Monday, March 26, 2007

Deer Hide

Last weekend I started tanning my first deer hide. I soaked the hide in a bucket of water and wood ash for about a week to get the hair and grain to come off more easily. The picture below is what it looked like when I started to scrape off the hair.

After I scraped the hair and grain off, I then flipped it over and scraped of the mucous layer. The hide had a lot of holes near the edges so rather than spend time scraping these areas, I just trimmed them off. The picture below shows the hide after scraping both sides. There is still some grain left that I'll try to scrape off. After that the next step will be to brain it.

I had to put the hide in the freezer because I don't have enough time to work on it now. I'm getting ready to sell my house so I may be posting less frequently for awhile.

Monday, March 12, 2007

Viburnum Basket

When I got home from my gathering trip on Saturday, I made a basket. This is the first basket I've made of this style so it isn't flawless by any means. It is kind of lopsided, but nevertheless functional which is what really matters. Some people like to let the wood dry and then soak it to make it flexible again. This is so the wood has shrunk to it's final size before making the basket.

I thought it would be cool to have a basket made the same day I collected the material so I didn't do this. To get an idea of how to start the basket I referred to Torjus's post about his willow basket. You'll notice that this first picture looks like one of his pictures. For more detailed instructions on how to make one, refer to his post.

After getting it started, it was pretty easy. The only other hard part was the change from horizontal rings to vertical rings. It was tough because the thickness of the spokes made it hard to accomplish a near right angle bend. This is the main reason why the basket is lopsided.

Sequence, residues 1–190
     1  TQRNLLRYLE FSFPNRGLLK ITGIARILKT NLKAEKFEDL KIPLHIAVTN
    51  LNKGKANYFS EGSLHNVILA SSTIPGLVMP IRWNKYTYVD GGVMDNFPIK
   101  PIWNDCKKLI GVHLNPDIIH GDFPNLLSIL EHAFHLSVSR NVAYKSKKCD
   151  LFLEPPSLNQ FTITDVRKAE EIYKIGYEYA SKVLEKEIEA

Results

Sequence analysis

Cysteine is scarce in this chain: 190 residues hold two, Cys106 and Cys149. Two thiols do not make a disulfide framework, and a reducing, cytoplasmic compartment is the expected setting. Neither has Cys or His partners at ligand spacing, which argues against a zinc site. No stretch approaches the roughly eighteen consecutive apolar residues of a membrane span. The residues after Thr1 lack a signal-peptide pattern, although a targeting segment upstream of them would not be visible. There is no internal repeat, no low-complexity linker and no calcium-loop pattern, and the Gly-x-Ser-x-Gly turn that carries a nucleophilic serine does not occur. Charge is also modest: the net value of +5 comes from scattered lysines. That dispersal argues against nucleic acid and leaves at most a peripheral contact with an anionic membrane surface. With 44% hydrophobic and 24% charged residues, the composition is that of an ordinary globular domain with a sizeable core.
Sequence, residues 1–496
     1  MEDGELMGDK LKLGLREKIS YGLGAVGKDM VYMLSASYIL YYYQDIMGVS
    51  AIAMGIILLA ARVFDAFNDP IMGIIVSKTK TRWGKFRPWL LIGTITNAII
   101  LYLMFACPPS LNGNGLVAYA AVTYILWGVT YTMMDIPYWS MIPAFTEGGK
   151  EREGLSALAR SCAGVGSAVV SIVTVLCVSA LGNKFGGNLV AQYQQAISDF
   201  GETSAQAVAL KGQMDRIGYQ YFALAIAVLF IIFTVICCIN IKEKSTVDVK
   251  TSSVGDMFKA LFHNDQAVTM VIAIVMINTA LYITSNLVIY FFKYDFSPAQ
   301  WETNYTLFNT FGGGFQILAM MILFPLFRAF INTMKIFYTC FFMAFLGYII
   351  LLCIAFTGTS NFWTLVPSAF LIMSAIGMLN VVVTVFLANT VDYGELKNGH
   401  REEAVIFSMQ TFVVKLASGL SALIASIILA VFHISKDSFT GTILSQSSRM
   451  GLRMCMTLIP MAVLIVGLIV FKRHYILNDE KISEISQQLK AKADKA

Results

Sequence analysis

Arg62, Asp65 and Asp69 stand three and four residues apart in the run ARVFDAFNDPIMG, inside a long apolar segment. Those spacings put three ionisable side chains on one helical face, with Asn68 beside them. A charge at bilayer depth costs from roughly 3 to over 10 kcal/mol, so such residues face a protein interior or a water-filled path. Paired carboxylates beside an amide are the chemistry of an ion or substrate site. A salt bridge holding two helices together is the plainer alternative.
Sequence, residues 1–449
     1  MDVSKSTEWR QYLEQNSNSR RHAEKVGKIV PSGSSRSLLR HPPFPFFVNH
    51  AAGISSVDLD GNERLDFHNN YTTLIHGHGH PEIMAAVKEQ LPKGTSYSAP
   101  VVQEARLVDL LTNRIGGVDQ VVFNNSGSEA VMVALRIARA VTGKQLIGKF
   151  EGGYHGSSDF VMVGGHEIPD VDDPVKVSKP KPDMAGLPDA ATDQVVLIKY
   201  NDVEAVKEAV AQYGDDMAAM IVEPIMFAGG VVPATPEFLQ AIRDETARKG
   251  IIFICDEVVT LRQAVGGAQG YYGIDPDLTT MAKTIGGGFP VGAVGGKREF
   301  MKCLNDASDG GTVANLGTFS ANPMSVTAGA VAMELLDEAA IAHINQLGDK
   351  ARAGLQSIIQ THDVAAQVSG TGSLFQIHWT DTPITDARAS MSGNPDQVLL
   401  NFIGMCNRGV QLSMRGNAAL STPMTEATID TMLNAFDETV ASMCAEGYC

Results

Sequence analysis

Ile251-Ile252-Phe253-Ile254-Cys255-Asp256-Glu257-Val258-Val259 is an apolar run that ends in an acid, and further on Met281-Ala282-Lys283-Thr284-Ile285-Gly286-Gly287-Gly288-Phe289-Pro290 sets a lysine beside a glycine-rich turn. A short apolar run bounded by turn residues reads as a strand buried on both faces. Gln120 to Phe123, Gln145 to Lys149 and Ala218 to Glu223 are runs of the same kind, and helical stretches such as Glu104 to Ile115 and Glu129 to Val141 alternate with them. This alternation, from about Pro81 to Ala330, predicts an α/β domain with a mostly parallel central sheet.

Ideally I would have made the basket a little taller, but I ran out of material. To make a handle I bent over some of the spokes and wrapped them together. The other spokes I cut off. Due to their thickness there was no nice way to weave them back into the basket. I'm all ready for the annual Easter Egg hunt at my parents' house! :)

Sunday, March 11, 2007

Gathering Viburnum

As I mentioned in my last post, I decided to go to Eagle Creek Park over the weekend to gather some viburnum. It was our second day of 50F+ degree weather in Indianapolis this year so it was a perfect day for it. There was still a little bit of snow and ice around, but most of it had melted and most of the area I was in was very wet. I was very glad to have brought my rubber boots. I spent a portion of my time standing in 3 inch deep water since that is where a lot of the viburnum was.

My primary goal was to find potential atlatl darts (spears). My theory is that a good arrow wood is also a good dart wood. Viburnum is awesome because it grows straight and long. It doesn't put out branches unless it has reached sunlight, so some of the shoots in the middle of the patch grow 15 feet high or more without any knots or branches. The middle of the patch is where I looked to find my atlatl darts.

While I was looking, I also found some nice arrow shafts. As I trimmed the darts and shafts down to size, I ended up making a pile of thinner pieces. I decided I almost had enough to make a basket. Viburnum is also nice for making baskets because of the long semi-flexible branches. Long material means fewer ends to tuck in when weaving. Some of my basket material was 7 feet long.

At the top is my basket making material. The middle branches will become arrow shafts, and the long ones on the bottom will hopefully become atlatl darts. I will be straightening them as they dry out.